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Pa. Officials Hand Out Thyroid-Protection Pills For Those Near Nuke Plants

(File photo: a package of potassium iodide pills)

(File photo: a package of potassium iodide pills)

Brad Segall Brad Segall
Brad Segall is midday anchor for KYW Newsradio 1060.  A longtime...
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CBS Philly (con't)

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WEST CHESTER, Pa. (CBS) – Residents who live near any of Pennsylvania’s five nuclear power plants can pick up free potassium iodide tablets today from the state and their local health department.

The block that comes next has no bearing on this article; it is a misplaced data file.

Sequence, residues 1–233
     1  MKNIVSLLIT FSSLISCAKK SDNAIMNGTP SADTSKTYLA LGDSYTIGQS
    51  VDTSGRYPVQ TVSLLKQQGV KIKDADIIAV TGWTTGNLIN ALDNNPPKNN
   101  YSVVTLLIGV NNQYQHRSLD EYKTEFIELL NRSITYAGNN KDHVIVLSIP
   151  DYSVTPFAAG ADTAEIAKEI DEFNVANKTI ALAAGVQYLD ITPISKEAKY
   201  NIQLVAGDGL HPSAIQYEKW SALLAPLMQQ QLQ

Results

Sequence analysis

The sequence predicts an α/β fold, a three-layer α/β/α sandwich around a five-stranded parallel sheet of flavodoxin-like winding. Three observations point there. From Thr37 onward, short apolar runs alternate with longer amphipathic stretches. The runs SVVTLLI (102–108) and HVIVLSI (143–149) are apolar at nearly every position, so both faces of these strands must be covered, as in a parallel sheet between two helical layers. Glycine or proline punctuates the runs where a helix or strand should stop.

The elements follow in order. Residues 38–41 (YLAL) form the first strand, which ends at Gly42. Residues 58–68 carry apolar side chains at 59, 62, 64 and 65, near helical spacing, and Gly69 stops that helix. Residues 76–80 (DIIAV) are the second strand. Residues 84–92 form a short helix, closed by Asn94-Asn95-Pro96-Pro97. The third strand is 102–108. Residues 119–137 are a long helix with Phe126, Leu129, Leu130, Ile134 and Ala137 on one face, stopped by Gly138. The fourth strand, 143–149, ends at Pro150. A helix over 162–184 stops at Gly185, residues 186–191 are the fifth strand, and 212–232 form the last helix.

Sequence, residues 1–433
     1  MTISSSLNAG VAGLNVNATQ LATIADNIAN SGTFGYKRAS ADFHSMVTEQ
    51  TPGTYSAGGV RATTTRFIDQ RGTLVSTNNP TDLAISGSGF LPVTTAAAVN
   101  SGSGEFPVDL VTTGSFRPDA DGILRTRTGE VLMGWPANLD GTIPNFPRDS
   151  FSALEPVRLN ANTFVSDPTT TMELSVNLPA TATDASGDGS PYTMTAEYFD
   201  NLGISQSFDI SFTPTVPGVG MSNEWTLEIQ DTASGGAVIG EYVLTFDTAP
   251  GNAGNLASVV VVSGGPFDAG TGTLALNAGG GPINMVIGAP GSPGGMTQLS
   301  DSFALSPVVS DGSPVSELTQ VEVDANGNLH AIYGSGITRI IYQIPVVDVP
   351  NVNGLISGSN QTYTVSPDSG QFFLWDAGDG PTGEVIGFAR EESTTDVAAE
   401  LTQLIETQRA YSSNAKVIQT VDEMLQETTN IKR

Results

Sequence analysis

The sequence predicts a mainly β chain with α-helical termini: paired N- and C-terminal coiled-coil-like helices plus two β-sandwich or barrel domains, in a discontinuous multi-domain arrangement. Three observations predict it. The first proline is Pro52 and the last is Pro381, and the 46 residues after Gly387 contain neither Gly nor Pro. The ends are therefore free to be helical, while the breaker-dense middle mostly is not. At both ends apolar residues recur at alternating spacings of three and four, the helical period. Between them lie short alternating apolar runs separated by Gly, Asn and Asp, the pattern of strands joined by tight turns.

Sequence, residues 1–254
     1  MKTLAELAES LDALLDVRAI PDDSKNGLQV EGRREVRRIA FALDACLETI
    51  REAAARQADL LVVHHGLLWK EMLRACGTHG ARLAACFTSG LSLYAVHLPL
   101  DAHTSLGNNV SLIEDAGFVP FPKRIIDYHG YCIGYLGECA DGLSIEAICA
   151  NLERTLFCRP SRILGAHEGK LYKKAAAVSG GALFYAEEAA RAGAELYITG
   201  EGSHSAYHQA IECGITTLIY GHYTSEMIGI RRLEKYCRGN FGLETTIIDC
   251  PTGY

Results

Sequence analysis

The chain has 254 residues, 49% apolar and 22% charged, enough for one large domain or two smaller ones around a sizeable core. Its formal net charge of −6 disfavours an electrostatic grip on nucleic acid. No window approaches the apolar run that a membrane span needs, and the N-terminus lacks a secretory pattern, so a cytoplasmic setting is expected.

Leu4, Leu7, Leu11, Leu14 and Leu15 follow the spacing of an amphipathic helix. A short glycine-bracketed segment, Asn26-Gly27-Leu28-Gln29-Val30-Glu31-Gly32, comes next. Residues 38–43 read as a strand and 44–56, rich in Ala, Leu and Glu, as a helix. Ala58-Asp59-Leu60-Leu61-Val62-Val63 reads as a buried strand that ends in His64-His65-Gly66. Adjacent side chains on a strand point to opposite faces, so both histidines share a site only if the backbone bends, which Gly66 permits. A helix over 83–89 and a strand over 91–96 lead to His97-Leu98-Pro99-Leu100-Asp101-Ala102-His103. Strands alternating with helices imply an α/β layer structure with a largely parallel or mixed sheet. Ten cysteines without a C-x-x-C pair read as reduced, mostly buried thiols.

In the Philadelphia region, it’s for people who live or work within a ten-mile radius of the Limerick nuclear power plant.  That covers people in Montgomery, Chester, and Berks counties.

The pills are designed to protect the thyroid gland against harmful radioactive iodine that may be released during an accident.

Pat Yoder, nursing supervisor with the Chester County Health Department, says the nuclear disaster in Japan earlier this year created a flurry of phone calls from anxious residents.

“It made people aware that this is a smart protective measure to take if you live close to a nuclear power plant,” she tells KYW Newsradio.

Four tablets will be provided to each person, and individuals can pick up tablets for other family members who can’t pick them up on their own.

The pills are only taken when instructed by public health officials following a radiation leak, and can usually be stored for five to seven years.

If you can’t make this event, the pills can be picked up any time at state and county health departments.

Reported by Brad Segall, KYW Newsradio 1060


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